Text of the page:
The order defines most of the above in greater detail. You are encouraged to review the entire order and to get legal advice if you feel there is any ambiguity about how the Order applies to your business.

Social distancing requirements

Essential businesses and operations and non-essential businesses engaged in minimum basic operations must take certain proactive measures to protect their employees and customers including:

  • Designating six-foot distances with signage, tape or by other means to encourage proper spacing of employees and customers;
  • Providing hand sanitizer and sanitizing products for employees and customers;
  • Offering separate hours for vulnerable populations, including the elderly and immunocompromised; and
  • Posting online whether a facility is open and how best to reach the facility to continue services by phone or remotely

Businesses and employers must take several specific, additional steps to protect their employees including:

  • Allowing as many employees as possible to work from home;
  • Actively encouraging sick employees to stay home until they are free of fever (without the use of medication) for at least 72 hours (three full days) AND symptoms have improved for at least 72 hours AND at least seven days have passed since symptoms first began;
  • Ensuring that sick leave policies are flexible and non-punitive to allow sick employees to stay home to care for themselves, children, or family members;
  • Separating employees who appear to have acute respiratory illness symptoms from other employees and sending them home immediately while restricting access to the business until they are recovered, and notably, the Order says that employers are not to require a health care provider’s note to validate the illness or return to work of employees with “acute respiratory illnesses”;
  • Reinforcing key messages such as staying at home when sick, using cough and sneeze etiquette, and practicing hand hygiene;
  • Performing enhanced cleaning of commonly touched surfaces like workstations, rails, door handles, and doorknobs; and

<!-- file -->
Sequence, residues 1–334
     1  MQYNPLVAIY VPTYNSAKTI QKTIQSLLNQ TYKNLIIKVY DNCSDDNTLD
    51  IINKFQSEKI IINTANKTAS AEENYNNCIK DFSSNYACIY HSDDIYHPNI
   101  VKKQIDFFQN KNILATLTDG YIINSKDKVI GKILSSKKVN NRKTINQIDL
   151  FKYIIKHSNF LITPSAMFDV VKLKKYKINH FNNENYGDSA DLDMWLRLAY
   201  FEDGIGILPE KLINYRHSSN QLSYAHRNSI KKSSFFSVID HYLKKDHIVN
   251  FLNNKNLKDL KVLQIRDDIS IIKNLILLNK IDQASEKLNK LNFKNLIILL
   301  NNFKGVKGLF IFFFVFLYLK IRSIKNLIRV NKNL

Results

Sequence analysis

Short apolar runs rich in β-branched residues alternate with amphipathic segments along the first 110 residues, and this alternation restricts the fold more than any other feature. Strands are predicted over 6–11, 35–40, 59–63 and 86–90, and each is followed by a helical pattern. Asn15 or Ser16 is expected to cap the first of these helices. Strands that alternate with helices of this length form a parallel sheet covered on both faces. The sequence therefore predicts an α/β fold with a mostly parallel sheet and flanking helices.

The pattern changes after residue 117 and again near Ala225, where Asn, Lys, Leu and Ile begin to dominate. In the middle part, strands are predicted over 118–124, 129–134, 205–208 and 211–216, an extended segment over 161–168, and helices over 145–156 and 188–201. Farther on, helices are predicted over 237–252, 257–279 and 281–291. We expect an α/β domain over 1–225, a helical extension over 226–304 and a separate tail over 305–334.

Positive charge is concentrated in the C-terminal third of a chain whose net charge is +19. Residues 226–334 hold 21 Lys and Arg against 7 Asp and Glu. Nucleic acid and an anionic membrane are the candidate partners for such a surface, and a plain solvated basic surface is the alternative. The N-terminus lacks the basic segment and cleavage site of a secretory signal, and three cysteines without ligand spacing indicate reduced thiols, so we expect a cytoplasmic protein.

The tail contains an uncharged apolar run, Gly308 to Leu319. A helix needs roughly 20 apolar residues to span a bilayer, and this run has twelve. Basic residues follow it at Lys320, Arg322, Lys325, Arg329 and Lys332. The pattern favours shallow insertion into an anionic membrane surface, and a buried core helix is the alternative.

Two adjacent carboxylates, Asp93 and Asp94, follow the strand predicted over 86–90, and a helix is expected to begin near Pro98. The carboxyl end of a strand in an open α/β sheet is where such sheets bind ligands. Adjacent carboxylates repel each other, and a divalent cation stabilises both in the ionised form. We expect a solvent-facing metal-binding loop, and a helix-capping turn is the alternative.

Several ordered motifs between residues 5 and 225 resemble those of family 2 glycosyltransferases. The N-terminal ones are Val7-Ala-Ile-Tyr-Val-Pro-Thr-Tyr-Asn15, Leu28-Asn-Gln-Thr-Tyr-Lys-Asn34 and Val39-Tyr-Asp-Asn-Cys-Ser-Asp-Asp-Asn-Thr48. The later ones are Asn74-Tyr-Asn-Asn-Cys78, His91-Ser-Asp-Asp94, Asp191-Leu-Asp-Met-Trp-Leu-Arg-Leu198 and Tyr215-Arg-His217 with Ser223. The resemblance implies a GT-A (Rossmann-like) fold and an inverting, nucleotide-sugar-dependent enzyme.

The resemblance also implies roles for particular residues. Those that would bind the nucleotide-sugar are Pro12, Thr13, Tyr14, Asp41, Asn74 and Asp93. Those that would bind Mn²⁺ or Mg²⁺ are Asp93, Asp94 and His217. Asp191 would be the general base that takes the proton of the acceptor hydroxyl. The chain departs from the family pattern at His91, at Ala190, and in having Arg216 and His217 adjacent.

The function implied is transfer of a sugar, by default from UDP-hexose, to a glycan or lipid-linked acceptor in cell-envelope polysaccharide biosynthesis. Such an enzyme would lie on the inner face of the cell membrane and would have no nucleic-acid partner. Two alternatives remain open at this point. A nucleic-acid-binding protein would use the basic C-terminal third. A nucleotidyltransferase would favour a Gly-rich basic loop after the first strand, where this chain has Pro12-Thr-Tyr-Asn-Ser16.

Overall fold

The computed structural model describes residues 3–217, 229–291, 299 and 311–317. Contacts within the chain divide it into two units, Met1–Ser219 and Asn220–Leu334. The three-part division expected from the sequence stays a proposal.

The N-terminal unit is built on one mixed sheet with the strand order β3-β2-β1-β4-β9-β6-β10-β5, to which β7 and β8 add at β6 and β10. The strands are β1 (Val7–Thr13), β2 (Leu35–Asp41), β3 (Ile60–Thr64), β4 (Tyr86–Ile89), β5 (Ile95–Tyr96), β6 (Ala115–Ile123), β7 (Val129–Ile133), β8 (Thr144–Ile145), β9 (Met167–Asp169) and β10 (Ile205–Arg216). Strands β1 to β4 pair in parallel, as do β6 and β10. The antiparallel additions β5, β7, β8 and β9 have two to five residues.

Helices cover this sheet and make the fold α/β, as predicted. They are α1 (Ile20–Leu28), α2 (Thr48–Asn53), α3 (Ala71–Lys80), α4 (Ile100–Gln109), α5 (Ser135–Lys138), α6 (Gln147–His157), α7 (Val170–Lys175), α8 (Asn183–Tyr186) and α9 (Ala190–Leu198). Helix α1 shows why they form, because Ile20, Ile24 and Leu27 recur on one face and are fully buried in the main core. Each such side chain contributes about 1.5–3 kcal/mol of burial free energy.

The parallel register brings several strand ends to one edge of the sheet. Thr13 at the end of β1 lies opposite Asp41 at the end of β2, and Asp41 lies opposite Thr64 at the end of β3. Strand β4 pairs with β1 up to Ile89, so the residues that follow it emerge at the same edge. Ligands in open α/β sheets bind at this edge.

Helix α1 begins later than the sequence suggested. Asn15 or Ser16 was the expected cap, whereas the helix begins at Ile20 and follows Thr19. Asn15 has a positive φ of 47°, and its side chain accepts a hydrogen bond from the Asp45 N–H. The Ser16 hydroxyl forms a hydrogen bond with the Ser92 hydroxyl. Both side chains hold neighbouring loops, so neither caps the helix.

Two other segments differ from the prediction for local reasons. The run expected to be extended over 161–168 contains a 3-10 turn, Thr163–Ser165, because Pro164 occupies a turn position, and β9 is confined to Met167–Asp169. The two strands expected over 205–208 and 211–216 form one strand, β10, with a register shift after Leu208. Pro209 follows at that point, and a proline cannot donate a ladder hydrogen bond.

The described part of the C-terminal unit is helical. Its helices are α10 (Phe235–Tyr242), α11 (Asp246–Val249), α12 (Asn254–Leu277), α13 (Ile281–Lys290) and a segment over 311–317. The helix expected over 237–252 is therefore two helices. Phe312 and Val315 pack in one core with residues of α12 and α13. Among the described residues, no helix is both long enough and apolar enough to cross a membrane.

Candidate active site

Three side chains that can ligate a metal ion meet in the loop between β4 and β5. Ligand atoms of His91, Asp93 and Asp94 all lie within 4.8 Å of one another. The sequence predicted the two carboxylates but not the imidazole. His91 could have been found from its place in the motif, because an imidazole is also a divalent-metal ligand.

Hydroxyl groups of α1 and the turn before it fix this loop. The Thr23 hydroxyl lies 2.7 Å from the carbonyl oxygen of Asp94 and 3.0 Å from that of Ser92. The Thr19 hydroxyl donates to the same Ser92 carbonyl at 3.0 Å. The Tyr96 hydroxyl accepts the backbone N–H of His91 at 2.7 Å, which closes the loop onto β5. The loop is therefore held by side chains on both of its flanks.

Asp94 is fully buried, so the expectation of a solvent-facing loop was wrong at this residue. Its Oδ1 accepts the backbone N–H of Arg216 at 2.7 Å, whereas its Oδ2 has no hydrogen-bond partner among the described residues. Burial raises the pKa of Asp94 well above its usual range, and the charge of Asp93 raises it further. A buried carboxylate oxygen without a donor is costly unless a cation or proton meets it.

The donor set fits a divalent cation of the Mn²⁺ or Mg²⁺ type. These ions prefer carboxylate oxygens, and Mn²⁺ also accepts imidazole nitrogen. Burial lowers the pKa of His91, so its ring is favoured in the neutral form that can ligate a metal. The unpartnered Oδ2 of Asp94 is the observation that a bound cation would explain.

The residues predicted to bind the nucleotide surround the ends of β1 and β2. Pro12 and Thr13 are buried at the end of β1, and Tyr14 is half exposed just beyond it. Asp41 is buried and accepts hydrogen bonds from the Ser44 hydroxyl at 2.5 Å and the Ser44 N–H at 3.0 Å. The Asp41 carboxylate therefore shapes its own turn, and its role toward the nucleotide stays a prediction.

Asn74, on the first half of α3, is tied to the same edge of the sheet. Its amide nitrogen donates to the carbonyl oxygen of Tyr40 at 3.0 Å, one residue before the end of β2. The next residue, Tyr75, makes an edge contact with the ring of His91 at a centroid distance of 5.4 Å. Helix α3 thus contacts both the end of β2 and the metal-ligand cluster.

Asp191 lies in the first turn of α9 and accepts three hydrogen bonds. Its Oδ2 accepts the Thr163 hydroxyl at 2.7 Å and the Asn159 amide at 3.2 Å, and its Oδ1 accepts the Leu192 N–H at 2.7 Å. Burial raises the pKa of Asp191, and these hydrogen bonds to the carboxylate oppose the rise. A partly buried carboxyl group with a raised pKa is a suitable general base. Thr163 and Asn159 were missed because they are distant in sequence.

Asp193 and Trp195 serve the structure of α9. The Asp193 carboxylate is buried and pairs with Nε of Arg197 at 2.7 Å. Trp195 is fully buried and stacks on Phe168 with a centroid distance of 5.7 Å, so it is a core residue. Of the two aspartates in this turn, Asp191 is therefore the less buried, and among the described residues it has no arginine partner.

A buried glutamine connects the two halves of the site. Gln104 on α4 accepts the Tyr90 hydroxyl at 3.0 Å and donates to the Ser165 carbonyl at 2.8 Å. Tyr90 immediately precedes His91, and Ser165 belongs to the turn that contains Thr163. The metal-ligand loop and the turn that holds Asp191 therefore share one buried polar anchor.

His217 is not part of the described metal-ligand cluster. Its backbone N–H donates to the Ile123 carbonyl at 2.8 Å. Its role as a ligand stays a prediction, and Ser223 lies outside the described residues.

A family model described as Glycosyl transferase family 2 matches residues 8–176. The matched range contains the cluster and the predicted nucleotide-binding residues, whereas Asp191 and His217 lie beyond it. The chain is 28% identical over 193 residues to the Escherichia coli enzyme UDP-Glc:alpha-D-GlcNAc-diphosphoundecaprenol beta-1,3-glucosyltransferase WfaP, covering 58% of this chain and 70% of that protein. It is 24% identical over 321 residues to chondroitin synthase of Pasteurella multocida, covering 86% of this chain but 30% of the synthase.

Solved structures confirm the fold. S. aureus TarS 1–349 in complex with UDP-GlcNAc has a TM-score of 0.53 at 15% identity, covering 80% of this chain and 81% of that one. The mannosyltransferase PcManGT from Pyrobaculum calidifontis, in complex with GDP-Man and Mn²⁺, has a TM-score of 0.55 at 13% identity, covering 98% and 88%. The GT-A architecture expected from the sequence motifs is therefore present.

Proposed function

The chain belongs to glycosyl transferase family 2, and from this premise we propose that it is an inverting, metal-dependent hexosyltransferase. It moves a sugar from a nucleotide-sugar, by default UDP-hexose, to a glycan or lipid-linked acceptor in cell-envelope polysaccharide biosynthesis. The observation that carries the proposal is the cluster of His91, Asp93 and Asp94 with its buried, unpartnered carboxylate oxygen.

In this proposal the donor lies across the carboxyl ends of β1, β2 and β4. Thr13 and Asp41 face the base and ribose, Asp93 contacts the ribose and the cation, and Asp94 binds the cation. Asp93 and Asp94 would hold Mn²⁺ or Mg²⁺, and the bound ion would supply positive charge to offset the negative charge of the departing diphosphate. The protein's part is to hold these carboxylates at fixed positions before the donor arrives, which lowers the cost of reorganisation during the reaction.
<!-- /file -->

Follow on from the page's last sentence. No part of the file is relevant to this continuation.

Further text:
• Preparing to change business practices if needed to maintain critical operations (e.g. identify alternative suppliers, prioritize customers, or temporarily suspend some operations).

The Families First Coronavirus Response Act and the Director’s Order

The Federal Families First Coronavirus Response Act (FFCRA), which takes effect on April 2, 2020 and on which we previously reported, provides up to two weeks (80 hours) of unpaid leave to employees of private employers with fewer than 500 employees and all public employees. This paid sick leave may be used when, among other things, an employee is subject to a federal, state or local quarantine or isolation order related to COVID-19.

This likely means that a Stay at Home Order such as the order issued on March 22, 2020 by Dr. Acton would qualify as a local quarantine or isolation order entitling an employee to paid sick leave after the FFCRA’s April 2, 2020 effective date, if the employee cannot report to work because of the Order. We await the Department of Labor’s final regulations interpreting this and other issues, and will provide further update once the final regulations become available.

Information about COVID-19 and its impact on local, state and federal levels is changing rapidly. This article may not reflect updates to news, executive orders, legislation and regulations made after its publication date. Visit our COVID-19 resource page to find the most current information.